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The bursting 'Ka-bubble': Taliban extremism is remaking a once-cosmopolitan Kabul

Nabih Bulos, Los Angeles Times on

Published in News & Features

But fearing the Taliban’s wrath, Taj Begum’s owner, Laila Haidari, shut it down.

One afternoon in August, workers propped open the vestibule door and began to cart out what could be salvaged from the furniture. Inside, Rahmatullah, Taj Begum’s manager, and two women from the staff helped organize items — prints of photographs depicting scenes from around Afghanistan, Taj Begum tote bags, various pieces of equipment — into piles on the ground. They seemed like artifacts of a time gone by.

“It’s finished. We can’t believe it,” he said.

“We don’t know what to do. We’re confused.”

“We’re sad,” added one of the women.

A few weeks later, Haidari visited too. She cried as she saw the dismantling of what had been a “sacred place” for her.


“It was where women, with all their wounds, could come and speak with us, and speak with each other. It gave people their lives back; it touched so many people,” said Haidari, her voice holding back sobs. “Taj Begum wasn’t just a restaurant or a business to me. It was like a cinema, a theater, a place where men and women could sing together.”

The Taliban, meanwhile, has been vigorously erasing vestiges of the old government. Crews from the Ministry of Information and Culture have been painting over the blast walls that had grown over the last two decades like a crust around the Ka-bubble. Before, they had been a canvas for Art Lords, an artist collective that had thrown up elaborate murals depicting children and international figures. Today, they bear stern slogans, including, “Our unity is the key to success,” “The end of occupation is the beginning of freedom” and “Our nation defeated America with Allah’s assistance.”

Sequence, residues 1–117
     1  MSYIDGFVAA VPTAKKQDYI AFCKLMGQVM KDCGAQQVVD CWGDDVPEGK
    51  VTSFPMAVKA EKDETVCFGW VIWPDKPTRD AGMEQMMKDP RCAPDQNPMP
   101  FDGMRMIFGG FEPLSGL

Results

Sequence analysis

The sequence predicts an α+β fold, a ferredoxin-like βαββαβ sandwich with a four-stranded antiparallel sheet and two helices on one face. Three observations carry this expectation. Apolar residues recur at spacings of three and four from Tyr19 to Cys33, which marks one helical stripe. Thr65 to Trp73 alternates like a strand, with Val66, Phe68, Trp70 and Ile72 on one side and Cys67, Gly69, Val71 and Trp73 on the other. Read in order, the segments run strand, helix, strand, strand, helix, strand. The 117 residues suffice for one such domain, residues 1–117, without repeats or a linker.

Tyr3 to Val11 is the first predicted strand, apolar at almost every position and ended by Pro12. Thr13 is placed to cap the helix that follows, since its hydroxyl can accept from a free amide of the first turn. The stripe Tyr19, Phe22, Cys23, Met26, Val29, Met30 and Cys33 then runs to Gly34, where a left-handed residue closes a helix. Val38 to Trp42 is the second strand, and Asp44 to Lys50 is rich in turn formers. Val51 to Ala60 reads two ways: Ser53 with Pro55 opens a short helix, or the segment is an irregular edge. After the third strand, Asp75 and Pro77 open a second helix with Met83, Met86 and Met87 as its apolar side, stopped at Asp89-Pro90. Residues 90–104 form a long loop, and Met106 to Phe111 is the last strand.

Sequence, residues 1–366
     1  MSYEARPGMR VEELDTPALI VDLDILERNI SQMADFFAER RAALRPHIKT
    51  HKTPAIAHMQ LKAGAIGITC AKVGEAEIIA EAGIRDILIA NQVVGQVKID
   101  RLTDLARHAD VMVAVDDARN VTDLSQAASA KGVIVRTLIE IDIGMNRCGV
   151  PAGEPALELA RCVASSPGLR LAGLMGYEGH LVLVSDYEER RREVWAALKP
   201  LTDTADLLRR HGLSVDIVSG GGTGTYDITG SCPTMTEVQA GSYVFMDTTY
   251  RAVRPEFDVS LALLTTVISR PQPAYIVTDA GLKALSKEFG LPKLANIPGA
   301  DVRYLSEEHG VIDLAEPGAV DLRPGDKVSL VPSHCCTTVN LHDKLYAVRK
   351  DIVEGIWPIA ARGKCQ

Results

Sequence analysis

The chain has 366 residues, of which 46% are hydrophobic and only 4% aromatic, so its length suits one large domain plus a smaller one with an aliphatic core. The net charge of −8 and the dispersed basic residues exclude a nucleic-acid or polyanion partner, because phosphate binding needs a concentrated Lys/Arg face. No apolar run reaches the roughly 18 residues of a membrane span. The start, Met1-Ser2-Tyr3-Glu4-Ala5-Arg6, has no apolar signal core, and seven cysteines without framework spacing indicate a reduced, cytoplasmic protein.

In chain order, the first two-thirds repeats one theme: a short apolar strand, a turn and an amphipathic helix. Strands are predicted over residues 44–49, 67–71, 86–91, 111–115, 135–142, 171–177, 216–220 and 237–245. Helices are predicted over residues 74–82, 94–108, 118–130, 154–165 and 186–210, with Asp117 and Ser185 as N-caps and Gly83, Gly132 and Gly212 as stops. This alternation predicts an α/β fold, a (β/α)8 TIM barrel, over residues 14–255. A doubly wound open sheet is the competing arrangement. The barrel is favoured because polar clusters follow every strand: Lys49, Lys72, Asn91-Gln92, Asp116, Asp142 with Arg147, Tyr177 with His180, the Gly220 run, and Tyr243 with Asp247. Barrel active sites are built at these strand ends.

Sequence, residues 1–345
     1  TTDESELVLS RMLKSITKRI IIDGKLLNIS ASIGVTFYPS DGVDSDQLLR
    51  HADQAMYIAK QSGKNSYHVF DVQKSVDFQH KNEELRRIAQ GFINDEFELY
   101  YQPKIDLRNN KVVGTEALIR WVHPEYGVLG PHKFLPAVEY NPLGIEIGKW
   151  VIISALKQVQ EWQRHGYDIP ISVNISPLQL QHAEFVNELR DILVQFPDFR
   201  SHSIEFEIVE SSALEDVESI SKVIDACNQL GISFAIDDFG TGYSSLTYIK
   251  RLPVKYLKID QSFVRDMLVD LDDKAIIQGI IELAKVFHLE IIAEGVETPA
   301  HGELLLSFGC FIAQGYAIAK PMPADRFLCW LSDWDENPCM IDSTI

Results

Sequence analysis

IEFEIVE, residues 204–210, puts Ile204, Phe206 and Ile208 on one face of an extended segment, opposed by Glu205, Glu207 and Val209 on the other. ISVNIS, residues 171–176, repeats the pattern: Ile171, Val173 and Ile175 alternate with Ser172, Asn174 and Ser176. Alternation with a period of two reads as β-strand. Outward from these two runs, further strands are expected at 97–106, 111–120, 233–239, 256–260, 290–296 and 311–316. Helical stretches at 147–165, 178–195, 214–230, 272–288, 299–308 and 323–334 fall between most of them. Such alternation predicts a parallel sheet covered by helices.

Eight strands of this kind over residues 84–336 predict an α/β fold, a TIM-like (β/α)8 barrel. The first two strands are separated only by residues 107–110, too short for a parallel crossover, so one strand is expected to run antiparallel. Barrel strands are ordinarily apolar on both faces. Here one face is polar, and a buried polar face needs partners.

For Omaid Sharifi, Art Lords’ co-founder, now in exile in the United Arab Emirates, the redecorating by Taliban officials is proof they “will do everything in their power to silence people and kill our imagination.”

“Our work wasn’t just murals, but to change people’s behavior and attitudes. This was an indigenous solution to our problem with the blast walls, and we wanted to do this together. We asked everybody to paint with us, from street kids to others,” he said. “It was more than just a mural they destroyed. It was also the social transformation behind what we did.”


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